Mitt Romney offered a $10,000 bet to Rick Perry over health care during Saturday night’s Republican presidential debate, a move that many analysts say shows he’s out of touch with the economic hardships facing the American public, and perhaps with the teachings of his own Mormon Church.
When questioned by Perry about whether or not the former governor proscribed his Massachusetts health care plan for the rest of the country, Romney, a former bishop and active Mormon, said: “I’ll tell you what, 10,000 bucks? Ten-thousand-dollar bet?”
“I’m not in the betting business,” Perry replied.
“The Church of Jesus Christ of Latter-day Saints is opposed to gambling, including lotteries sponsored by governments. Church leaders have encouraged Church members to join with others in opposing the legalization and government sponsorship of any form of gambling.”
The site also provides a series of links and articles on the teaching as well as resources for Mormons who are facing gambling addictions. The church has a long history of opposing various types of gambling: The church traces its stance back to Brigham Young in 1845 who discouraged Mormon women from raffling quilts. There is no state lottery in Utah, and the church and its members have long lobbied to prevent gambling’s many forms.
But what does it mean when a Mormon candidate publicly violates a teaching of his church? At a time when concerns about Romney’s Mormonism make front page news, could it even help him to distance himself from church teaching in his political life?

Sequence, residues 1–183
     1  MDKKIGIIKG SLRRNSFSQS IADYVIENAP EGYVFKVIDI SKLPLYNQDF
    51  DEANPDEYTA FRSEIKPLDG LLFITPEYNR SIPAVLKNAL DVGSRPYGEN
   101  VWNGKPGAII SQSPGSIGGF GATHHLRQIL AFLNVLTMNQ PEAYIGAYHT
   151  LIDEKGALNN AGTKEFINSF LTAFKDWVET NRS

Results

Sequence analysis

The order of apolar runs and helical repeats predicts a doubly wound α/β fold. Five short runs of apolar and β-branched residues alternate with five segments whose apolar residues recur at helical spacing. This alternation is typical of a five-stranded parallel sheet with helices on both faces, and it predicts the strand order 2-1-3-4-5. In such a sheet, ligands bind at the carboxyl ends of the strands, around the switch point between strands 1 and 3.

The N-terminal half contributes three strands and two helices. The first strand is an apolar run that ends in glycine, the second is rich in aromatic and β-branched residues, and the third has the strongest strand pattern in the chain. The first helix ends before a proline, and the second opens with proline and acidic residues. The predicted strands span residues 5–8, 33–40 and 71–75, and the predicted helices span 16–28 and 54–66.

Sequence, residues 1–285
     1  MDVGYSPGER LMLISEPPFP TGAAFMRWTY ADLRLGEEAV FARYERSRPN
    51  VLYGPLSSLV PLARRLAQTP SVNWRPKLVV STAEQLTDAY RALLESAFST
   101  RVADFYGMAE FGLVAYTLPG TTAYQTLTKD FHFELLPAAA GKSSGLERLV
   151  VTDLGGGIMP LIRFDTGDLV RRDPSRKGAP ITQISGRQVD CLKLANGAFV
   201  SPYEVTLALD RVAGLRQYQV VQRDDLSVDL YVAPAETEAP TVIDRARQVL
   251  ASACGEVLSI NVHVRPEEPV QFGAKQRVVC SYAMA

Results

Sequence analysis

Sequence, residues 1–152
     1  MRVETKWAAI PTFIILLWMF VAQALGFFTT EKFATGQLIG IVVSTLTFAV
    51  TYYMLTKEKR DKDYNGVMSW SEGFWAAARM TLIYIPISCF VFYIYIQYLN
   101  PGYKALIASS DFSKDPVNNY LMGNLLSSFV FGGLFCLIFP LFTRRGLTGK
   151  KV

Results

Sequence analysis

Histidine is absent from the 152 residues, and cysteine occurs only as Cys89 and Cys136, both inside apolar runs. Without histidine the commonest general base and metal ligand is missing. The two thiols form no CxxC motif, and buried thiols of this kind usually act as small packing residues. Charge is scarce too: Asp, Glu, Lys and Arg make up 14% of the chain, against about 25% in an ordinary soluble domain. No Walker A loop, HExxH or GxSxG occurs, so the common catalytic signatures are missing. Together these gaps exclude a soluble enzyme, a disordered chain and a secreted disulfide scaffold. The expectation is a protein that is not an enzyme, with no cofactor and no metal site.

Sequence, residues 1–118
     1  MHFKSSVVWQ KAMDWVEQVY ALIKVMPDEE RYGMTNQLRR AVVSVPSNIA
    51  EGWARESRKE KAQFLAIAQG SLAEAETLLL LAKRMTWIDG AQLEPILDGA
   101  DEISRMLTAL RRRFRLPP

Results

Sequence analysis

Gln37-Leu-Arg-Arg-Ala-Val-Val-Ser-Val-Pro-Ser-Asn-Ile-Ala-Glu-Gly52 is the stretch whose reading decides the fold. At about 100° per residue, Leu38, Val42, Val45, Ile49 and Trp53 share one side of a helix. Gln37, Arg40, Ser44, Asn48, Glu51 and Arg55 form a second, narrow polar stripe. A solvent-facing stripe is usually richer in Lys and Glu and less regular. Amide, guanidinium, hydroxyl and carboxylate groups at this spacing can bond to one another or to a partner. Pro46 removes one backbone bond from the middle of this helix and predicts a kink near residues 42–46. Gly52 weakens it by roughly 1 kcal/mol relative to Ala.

Questions about how the church teachings shape the political life of a president have been a part of American political life from its founding. Thomas Jefferson, America’s third president, was criticized and called a Deist by Federalist opponents during his presidential campaign and was said by his adversaries to have beliefs that disqualified him from office. In more recent history, during the campaign of John F. Kennedy, the man who would become our first Catholic president was pressured to give a speech declaring that he would not bow to the Vatican during his presidency.
“I do not speak for my church on public matters, and the church does not speak for me,” Kennedy famously declared. “Whatever issue may come before me as president — on birth control, divorce, censorship, gambling or any other subject — I will make my decision in accordance with these views, in accordance with what my conscience tells me to be the national interest, and without regard to outside religious pressures or dictates. And no power or threat of punishment could cause me to decide otherwise.”
In 2007, Romney made a similarly-themed speech about his Mormon faith, saying that as governor, “I did not confuse the particular teachings of my church with the obligations of the office and of the Constitution - and of course, I would not do so as president. I will put no doctrine of any church above the plain duties of the office and the sovereign authority of the law.”
So far, no final word on where gambling fits in for Romney in the plain duties of his potential office.
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